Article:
Originally Published in People Magazine
May 5, 1975
By R.B. Scott
“And now ladies and gentlemen,” the tennis umpire announces breathlessly over the public address system, “the featured match of the evening. From Belleville, Illinois, the champion of the world—Jimmeeeee Connors.” On cue, here’s Jimmeeeee—as 22-year-old James Scott Connors Jr. prances into the arena, his hot-combed Prince Valiant coif bouncing with every step. He obligingly breaks through a “No. 1” banner which has been stretched across his path and jogs to the courtside table where his red-faced manager, Bill Riordan, is sitting. “I think only four people are clapping,” Jimmy says. “Don’t worry kid,” Riordan snorts, “you’re the greatest.”
Ever since his stunning sweep of Wimbledon and Forest Hills last season, Jimmy has rightfully claimed he is the best player in the world. His two recent ventures into mano a mano tennis, first against Rod Laver, then last weekend against John Newcombe, have made him the richest too—he got nearly $1 million for those two matches.
His skill at stroking perfect shots from any angle on the court is so overwhelming that capable opponents are often left in nervous shreds. Far less admirable is his studied talent for arousing audiences—shouting obscenities at those who boo him, waving his middle finger in the air when he makes an errant shot or receives a bad call, and stalling when he gets behind.
Now there is growing evidence that Connors is genuinely trying to cure his bad-boy habits. (One reason may be to cash in on more endorsements, which rarely go to unpopular athletes.) This month he has reined in his temper and baited officials less. Even in small matters like tactics he has mellowed—where once he bounced the ball incessantly before serving, hoping to put his opponent on edge, he now dribbles it only four times to get his rhythm. Nearly everywhere they go, Riordan and Connors ask plaintively, “Why is Jimmy so hated?” They hint it is only an act and that underneath it all Jimmy is really only a guileless schoolboy. Riordan can shrug off Jimmy’s court antics, but when Connors started skipping tournaments and other commitments this spring, Riordan was piqued. Since then they have reached an understanding, and Connors has been showing up faithfully. “I still think you’ll see him get angry, that’s Jimmy,” says a friend. “But I think the vulgarity will be gone—he realizes that it’s kid stuff and it’s now time to be a man.”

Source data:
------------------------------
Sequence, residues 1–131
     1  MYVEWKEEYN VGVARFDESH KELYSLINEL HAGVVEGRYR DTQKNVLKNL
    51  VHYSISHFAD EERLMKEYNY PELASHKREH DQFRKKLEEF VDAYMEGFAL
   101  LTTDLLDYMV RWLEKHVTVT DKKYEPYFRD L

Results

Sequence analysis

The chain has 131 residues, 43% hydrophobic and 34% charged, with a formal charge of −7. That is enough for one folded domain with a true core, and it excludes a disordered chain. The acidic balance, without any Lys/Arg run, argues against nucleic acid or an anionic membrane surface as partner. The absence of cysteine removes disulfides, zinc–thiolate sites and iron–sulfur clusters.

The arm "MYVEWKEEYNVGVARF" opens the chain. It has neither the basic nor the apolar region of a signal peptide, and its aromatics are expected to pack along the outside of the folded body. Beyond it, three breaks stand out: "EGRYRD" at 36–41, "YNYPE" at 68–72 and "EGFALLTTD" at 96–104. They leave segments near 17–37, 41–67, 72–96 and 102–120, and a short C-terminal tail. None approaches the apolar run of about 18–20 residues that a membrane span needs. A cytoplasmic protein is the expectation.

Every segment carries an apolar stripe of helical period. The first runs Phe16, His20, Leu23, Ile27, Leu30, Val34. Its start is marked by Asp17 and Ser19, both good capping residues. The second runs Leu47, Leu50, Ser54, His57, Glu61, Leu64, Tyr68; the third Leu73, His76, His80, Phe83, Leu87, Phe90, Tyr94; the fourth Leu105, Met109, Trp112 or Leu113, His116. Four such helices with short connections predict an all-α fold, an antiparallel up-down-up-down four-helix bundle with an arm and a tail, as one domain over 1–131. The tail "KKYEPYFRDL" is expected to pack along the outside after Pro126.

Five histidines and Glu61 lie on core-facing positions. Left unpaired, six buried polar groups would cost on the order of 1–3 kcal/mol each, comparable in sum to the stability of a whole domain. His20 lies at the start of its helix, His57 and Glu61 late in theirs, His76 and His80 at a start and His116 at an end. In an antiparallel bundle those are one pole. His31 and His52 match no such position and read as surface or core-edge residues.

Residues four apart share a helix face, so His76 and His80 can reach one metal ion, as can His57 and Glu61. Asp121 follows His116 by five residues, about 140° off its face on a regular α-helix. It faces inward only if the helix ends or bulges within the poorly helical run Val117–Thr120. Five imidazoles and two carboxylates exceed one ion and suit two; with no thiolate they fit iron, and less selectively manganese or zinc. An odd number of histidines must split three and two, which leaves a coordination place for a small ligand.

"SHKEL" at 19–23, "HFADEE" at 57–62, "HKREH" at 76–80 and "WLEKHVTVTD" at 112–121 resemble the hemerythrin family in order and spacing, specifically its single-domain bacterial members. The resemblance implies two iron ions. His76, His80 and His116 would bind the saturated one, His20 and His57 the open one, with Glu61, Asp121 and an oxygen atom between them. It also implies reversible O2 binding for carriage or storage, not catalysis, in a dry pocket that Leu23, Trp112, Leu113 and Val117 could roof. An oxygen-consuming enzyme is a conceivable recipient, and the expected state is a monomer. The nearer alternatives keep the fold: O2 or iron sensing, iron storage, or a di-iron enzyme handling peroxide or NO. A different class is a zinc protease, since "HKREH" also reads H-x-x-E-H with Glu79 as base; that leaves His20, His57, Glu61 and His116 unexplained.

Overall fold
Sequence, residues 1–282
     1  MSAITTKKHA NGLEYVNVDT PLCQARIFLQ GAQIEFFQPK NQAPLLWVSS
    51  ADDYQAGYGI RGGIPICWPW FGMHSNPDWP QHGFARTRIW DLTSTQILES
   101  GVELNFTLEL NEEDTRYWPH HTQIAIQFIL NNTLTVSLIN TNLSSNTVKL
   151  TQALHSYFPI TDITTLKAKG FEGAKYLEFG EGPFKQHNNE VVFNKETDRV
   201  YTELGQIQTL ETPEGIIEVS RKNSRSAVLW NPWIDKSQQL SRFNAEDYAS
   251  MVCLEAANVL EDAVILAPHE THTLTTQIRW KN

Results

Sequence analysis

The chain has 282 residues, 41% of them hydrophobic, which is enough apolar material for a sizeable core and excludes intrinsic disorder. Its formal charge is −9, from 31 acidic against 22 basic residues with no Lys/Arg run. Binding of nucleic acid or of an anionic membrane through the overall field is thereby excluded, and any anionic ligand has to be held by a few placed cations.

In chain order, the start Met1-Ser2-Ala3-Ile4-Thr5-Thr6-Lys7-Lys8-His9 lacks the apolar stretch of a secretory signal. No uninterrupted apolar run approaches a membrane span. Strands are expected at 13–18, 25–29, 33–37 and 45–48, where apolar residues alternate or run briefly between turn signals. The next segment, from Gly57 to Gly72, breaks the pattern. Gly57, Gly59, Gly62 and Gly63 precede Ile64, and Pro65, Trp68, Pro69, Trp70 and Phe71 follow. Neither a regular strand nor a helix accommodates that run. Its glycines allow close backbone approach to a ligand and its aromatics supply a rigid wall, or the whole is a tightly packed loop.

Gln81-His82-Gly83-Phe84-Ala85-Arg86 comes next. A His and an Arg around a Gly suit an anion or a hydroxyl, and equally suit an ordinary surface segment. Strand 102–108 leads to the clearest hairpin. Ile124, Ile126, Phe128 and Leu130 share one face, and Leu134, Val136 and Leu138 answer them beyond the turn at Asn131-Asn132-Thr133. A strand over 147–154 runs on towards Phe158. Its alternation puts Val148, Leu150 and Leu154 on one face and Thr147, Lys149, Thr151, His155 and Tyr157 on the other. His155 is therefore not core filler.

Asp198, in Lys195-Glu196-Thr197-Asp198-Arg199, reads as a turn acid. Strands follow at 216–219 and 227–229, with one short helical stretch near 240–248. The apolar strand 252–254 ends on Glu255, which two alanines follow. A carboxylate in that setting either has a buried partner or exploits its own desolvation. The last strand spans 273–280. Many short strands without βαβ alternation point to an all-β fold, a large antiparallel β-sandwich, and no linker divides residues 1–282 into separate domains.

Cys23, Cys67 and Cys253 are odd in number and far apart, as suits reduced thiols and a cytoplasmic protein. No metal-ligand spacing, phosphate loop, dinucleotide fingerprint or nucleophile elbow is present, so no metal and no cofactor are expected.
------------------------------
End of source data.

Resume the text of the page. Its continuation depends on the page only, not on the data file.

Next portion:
As a boy of 2, Jimmy began dragging a full-size racket around the tennis court. “That’s how I learned to hit two-fisted shots—I had to use both my hands to pick up the damn racket,” Jimmy remembers. Most of his early instruction came from his mother, Gloria, and his late grandmother, Bertha Thompson, both teaching pros. To this day he acknowledges an adoring gratitude toward his mother: “She could have been a touring pro, but instead she decided to devote full-time to me. That’s why I am here today.”